"These are debated all the time — who should we resuscitate and who should we not?" he explains. "The [American Association of Pediatrics] has guidelines about this, here in Wisconsin we formulated guidelines, and certainly there is published medical literature suggesting cutoffs very similar to these [in the Nuffield report]."

Despite the hue and cry in the British press over what is contained in the report, Leuthner says what the council has proposed "is not a fringe issue at all in neonatology."

In fact, he says, historical guidelines were even more absolute — and likely, less accurate as a means of judging viability.

"Historically, people would make the decisions based on weight. If the baby weighed less than 500 grams, you would provide comfort care and that's all," he explains. "If the baby weighed over 500 grams, you would resuscitate."

Now decisions are based on gestational age, but influenced by guidelines, policy, and case-by-case facts. The Baby Doe law, an amendment to the 1984 federal child abuse law, is another factor. It mandates that all infants should receive treatment unless treatment is deemed "virtually futile" in terms of survival; ethicists, lawyers, and physicians continue to debate whether the law is worded in such a way that parents and physicians have some discretion in deciding whether to give or withhold treatment.

Further complicating the picture is the inaccuracy of predictive methods currently available. Diekema explains that while weight has been rejected as the sole determining factor, gestational age is an imperfect replacement tool.

"The reality is that every neonatologist has seen a baby expected to come out at 25 weeks' gestational age and it comes out considerably further along than that, or considerably less far along than that," he points out.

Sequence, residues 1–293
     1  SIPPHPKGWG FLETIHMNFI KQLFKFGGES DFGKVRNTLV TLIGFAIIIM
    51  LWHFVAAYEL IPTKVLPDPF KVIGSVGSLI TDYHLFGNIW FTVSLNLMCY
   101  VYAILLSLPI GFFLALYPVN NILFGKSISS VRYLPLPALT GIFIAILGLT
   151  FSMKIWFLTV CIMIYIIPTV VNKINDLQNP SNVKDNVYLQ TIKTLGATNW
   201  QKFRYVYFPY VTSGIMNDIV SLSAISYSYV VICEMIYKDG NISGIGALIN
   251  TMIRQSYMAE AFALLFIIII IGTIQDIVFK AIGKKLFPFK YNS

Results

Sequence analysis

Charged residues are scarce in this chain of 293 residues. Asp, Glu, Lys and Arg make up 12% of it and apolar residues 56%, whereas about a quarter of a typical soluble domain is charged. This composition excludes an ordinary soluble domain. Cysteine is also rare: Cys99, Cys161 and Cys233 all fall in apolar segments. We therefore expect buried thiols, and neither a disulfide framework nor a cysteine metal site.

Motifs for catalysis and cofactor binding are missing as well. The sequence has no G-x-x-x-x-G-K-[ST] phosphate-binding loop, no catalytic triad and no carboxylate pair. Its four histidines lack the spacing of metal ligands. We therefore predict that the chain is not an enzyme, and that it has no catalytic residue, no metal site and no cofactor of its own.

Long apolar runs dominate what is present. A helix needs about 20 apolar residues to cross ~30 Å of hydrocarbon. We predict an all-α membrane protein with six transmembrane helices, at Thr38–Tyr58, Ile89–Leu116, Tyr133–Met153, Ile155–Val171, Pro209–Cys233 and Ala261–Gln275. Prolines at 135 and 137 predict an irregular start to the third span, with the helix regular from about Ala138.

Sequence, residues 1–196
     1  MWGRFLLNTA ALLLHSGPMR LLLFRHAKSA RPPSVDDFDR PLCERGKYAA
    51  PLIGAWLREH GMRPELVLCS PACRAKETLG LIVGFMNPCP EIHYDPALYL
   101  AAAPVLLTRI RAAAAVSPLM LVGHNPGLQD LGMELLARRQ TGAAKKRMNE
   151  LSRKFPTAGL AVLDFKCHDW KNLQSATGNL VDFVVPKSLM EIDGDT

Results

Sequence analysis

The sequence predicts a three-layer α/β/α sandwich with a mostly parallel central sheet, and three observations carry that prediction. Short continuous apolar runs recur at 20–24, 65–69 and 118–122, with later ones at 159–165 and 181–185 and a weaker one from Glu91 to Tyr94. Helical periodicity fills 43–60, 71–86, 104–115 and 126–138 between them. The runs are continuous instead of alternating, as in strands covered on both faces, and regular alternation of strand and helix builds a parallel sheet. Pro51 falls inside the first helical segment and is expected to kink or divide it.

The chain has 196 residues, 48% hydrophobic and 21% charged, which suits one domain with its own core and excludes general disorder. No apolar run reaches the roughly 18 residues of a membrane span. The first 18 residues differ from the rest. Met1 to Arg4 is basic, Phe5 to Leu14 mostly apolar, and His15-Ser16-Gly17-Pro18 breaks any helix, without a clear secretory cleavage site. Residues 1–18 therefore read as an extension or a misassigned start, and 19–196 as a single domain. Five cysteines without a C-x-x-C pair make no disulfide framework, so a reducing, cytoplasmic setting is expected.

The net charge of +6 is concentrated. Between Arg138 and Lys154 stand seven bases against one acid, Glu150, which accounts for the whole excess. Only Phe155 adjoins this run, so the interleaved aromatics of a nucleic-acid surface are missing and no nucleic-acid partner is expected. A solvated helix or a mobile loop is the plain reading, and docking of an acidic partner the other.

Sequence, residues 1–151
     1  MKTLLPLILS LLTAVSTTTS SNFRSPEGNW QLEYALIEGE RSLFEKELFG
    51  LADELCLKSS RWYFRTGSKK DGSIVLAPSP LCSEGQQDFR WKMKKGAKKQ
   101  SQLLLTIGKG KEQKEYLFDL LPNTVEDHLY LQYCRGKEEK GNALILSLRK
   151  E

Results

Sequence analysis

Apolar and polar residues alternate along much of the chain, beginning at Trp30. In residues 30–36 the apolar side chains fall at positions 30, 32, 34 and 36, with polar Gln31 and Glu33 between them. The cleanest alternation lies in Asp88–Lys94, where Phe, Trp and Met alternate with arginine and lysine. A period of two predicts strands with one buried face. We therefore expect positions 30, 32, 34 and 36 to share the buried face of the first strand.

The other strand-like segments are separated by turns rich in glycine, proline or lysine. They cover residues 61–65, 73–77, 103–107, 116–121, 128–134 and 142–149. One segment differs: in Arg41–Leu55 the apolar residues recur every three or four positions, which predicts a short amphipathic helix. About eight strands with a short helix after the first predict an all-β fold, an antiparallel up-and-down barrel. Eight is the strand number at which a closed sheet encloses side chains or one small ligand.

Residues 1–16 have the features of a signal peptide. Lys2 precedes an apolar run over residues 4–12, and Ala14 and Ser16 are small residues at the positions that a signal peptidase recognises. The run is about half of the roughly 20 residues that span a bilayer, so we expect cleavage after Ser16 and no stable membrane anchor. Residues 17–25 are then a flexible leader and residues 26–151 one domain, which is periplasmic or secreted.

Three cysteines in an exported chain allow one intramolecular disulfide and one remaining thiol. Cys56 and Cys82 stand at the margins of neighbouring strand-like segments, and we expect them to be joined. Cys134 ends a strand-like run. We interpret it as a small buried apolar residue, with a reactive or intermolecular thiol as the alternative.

For all these reasons, Diekema suggests, guidelines should not try to establish a definitive "black line" demarcating an absolute age at which resuscitation should or should not be initiated, but rather, there should be standards established, around which physicians and parents can exercise discretion.

Religious communities respond to guidelines

While some right-to-life and religious groups condemned the report, even saying it sanctions euthanasia, the Nuffield report drew support from British medical groups and religious leaders of the Church of England (Anglican) and the Catholic Bishops' Conference of England and Wales.

"This reaffirms the validity of existing law prohibiting euthanasia, and upholds the vital and fundamental moral principle that the deliberate taking of innocent human life is always gravely wrong," the Church of England and the Catholic Bishops' Conference said in a joint statement. "There is a clear distinction between interventions which are deliberately aimed at killing, and decisions to withhold or withdraw medical treatment when it is judged to be futile or unduly burdensome."

The Nuffield guidelines adamantly state that the "active ending of life" of newborn babies should not be allowed no matter how serious a child's condition.

"The professional obligation of doctors is to preserve life where they can," the authors of the report wrote.

The council's recommendations are that when deciding whether to give life support, physicians should consider parents' views, the likelihood that the treatment will significantly prolong life, and whether the child will be capable of establishing relationships or experiencing pleasure in the future. In comparison, the U.S. Baby Doe law does not take quality of life into account in requiring treatment.

The 278-page Nuffield Council report is available as a free download on-line at


For more information, contact:

  • Doug Diekema, MD, MPH, education director; director of pediatric bioethics fellowships, Treuman Katz Center for Pediatric Bioethics, Seattle Children's Hospital Research Center, Seattle, WA. Phone: (206) 987-2380.
  • Steven Leuthner, MD, MA, associate professor of pediatrics and bioethics; director of fetal concerns program, Children's Hospital of Wisconsin, Milwaukee, WI. Phone (414) 266-6706. E-mail: